This is a condition caused by bacteria usually found in the soil.
What to look for
If you have a cut or wound and any of these
things occur - call your doctor
stiffness of the neck, jaw - lock jaw,
and other muscles
uncontrollable spasms of the jaw and neck
painful, involuntary contraction of other
This bacteria can also live in animal
manure, house dust and the human intestines. If you incur any injury tetanus spores can be
implanted into the skin. Regardless of how small or insignificant the accident or injury
is, tetanus spores can still enter the broken skin.
The bacteria survive in areas with no
oxygen. The bacteria make a toxin which is dangerous. From the wound where the bacteria
entered, the toxin travels via the blood to the spinal cord and the brain. If the toxin
reaches the nervous system, it cannot be controlled by any treatments.
Some people may experience only pain and
tingling at the wound site and some spasms in nearby muscles. Most people however, suffer
stiff jaw and neck muscles, irritability, and difficulty swallowing.
Bacteria enter the body via wounds, create
a deadly toxin which travels to the spinal column and the brain.
If you suspect you may have
tetanus - go immediately to a hospital.
The best method of avoiding this disease is
by being adequately immunised. Also if you are wounded, clean the wound but if you are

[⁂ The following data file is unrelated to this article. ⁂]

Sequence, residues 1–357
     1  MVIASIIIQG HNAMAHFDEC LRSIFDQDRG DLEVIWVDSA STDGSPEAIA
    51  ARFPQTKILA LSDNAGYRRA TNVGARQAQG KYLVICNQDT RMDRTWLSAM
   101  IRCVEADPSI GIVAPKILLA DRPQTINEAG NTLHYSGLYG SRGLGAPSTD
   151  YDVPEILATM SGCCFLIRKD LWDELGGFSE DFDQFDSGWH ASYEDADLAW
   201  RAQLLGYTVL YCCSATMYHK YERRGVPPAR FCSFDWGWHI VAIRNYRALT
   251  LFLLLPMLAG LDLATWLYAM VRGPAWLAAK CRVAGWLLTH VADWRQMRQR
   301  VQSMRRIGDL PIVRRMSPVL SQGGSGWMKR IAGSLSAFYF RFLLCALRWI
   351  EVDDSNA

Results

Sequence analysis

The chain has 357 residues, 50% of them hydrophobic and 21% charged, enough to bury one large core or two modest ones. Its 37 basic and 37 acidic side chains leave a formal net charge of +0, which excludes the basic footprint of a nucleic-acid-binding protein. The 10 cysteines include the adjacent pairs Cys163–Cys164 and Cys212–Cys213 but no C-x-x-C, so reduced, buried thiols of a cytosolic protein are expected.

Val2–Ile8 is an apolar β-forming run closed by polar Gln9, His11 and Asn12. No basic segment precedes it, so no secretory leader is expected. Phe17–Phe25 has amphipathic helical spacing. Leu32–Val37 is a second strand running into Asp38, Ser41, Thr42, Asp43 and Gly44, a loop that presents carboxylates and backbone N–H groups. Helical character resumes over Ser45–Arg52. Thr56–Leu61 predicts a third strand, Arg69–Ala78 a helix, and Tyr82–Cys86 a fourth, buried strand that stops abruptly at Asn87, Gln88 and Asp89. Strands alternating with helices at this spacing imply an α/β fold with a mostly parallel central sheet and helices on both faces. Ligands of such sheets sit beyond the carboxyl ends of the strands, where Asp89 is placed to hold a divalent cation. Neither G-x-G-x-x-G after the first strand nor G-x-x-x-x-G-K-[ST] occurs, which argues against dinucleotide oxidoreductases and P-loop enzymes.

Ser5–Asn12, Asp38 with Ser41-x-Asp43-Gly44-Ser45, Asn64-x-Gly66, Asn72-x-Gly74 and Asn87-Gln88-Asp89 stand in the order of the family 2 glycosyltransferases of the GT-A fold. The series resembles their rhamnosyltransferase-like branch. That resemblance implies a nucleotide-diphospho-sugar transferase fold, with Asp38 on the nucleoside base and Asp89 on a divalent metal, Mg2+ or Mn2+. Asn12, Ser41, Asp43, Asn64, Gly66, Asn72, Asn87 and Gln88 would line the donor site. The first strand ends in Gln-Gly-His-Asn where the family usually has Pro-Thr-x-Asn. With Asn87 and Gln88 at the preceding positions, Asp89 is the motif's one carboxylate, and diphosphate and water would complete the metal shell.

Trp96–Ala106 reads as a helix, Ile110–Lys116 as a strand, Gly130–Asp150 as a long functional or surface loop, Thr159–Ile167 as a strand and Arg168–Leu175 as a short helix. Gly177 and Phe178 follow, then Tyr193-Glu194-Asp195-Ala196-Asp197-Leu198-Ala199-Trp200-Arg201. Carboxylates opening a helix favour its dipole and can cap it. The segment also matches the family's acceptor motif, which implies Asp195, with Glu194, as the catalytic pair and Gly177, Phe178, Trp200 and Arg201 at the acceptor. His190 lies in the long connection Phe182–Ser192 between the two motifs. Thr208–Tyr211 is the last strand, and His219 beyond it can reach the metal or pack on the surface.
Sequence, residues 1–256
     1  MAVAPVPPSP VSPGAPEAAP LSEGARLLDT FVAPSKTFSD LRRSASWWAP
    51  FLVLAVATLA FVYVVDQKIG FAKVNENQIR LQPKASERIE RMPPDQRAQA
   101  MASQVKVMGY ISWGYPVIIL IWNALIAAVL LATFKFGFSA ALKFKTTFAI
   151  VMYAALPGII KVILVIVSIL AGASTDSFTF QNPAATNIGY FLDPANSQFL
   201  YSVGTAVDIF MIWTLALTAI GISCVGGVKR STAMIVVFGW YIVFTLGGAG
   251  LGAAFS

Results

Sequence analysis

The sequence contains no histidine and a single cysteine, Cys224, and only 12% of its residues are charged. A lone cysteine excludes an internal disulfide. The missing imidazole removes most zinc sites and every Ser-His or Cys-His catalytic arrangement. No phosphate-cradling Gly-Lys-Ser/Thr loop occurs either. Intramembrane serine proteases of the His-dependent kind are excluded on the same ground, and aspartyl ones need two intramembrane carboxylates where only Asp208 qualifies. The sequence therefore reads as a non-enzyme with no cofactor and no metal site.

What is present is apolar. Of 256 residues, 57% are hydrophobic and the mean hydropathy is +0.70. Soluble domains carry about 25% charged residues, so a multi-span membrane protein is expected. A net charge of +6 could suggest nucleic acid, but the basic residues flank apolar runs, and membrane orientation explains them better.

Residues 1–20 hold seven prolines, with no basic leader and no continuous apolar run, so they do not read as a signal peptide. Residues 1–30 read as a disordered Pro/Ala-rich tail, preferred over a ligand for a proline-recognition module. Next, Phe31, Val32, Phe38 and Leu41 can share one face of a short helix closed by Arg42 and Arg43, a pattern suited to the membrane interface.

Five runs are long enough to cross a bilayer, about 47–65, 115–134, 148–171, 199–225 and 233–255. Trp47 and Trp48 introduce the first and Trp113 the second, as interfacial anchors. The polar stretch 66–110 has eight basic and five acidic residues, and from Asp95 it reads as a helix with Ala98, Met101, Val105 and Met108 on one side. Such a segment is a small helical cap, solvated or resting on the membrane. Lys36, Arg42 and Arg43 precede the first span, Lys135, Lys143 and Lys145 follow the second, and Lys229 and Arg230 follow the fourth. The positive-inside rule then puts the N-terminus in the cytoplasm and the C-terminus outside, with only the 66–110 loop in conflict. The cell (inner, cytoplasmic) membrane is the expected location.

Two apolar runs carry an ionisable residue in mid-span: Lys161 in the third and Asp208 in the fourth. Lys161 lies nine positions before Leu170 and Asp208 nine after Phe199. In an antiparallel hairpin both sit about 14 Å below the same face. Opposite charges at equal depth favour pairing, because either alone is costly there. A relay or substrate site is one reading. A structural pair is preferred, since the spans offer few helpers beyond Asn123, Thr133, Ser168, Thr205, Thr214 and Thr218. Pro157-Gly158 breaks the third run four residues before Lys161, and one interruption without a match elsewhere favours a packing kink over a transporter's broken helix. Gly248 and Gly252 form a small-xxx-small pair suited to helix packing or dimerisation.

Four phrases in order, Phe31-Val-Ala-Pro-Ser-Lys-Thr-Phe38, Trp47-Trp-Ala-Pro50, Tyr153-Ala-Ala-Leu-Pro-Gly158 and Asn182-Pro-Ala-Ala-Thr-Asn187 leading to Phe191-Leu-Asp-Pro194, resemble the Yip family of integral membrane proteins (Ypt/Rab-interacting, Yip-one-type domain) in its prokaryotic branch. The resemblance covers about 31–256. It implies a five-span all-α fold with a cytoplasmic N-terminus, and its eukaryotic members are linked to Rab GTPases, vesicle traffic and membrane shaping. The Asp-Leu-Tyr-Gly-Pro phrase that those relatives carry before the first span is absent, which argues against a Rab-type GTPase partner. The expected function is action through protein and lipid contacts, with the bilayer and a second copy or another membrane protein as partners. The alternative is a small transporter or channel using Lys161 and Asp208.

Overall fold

worried about contracting tetanus, only us light dressing as the bacteria will die upon
exposure to the oxygen in the air.
You do not automatically get tetanus just
because you stood on a rusty nail for example. It depends on how deep the wound it and
whether you have been immunised recently for the disease, also on how clean the wound is.
Always dress wounds properly - this means
all cuts, abrasions and punctures. If the object which contributed to your wound came from
the ground - dress the wound as best you can and see a doctor immediately. He or she will
advise you further and possibly give you an updated tetanus shot if you havent
already been immunised in the last 5 years.
Make sure you have your whole family
immunised against tetanus and keep records.
When to seek further